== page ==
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Trend Watch: Community-Supported Restaurants

Community-Supported Restaurant: Lenoir

First came food co-ops, then CSAs, then buy-your-own-raw-milk clubs. Next up: community-supported restaurants. A natural next step in the increasing obsession with hyper-local food, CSRs allow customers to become small investors in local eateries, giving them perks such as free meals—as well as a vested interest in seeing the restaurant succeed. For travelers, dining at a CSR means eating somewhere that is truly rooted in the surrounding community. We think these six new CSRs are worth checking out. If you agree, you can always buy in.

Rock Hill, South Carolina: Lell’s Café
This two-year-old spot features hearty, down-home cooking (bacon and pimento cheese sandwich; vanilla-bourbon sticky-finger French toast) made with seasonal Carolina ingredients. It opened with no bank loans, just the support of community investors.

Portland, Maine: Local Sprouts Café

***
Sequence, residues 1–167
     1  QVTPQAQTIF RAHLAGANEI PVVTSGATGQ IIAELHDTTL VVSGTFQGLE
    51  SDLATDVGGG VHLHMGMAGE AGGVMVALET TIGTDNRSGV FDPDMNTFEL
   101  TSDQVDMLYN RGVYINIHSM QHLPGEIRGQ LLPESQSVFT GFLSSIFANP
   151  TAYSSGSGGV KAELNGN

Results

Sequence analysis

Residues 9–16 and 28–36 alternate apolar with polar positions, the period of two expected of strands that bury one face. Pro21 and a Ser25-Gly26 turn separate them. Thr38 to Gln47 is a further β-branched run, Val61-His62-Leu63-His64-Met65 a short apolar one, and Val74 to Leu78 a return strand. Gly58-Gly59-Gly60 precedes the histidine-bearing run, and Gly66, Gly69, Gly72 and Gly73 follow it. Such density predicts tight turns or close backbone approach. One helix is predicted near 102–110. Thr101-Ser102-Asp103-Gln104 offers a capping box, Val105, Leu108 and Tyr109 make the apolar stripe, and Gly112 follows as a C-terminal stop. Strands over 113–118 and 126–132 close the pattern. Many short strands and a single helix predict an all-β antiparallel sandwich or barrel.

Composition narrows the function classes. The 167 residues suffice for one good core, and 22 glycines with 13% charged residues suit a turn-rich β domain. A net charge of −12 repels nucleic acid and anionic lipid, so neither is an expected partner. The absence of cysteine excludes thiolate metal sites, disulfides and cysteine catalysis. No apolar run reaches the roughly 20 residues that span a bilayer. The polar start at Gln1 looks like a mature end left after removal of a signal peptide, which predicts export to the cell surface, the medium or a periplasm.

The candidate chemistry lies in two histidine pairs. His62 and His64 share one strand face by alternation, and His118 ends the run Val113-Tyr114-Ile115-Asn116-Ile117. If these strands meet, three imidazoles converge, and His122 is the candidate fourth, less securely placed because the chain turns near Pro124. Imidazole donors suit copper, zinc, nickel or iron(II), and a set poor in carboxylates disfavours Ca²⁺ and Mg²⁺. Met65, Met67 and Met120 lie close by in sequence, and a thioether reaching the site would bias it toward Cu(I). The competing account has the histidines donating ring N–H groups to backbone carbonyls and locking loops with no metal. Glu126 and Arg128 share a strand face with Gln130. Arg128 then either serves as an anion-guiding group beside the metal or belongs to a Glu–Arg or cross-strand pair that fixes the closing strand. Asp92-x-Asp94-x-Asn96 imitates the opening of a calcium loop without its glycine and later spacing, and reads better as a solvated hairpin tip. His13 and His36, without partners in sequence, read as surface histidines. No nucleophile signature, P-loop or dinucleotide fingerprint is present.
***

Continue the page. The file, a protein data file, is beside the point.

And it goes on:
The first CSR in this restaurant-mad town grew out of a food-coop. It serves as a community gathering space that showcases Portland performers alongside farm-fresh, organic dishes, plus locally-brewed kombucha and baked goods.

Austin, Texas: Lenoir (pictured)
This new American spot serves inventive dishes like kasu-cured red snapper with avocado butter, and hosts a monthly dinner series that showcases food producers, artists, and writers from the community.

Milwaukee, Wisconsin: Braise
A high-end eatery that has upped the dining game in Milwaukee, Braise has earned fervid local support for its creative perpetration of local Midwestern meats, as in seared pork roulade with pozole and pickling juice vinaigrette.

Putney, Vermont: The Gleanery
Opening this fall, this eco-conscious eatery is working with nearby farms to produce daily menu items like toasted faro with spinach, berries and Great Hill blue cheese.

Chapel Hill, North Carolina: Mystery Brewing Company
Adapting the CSR model for suds-lovers, this new microbrewery makes only seasonal beers, and gives investors access to special small-batch, barrel-aged beers.

 

Brendan Spiegal is a contributor to TravelandLeisure.com.

Photo courtesy of Jody Horton Photography

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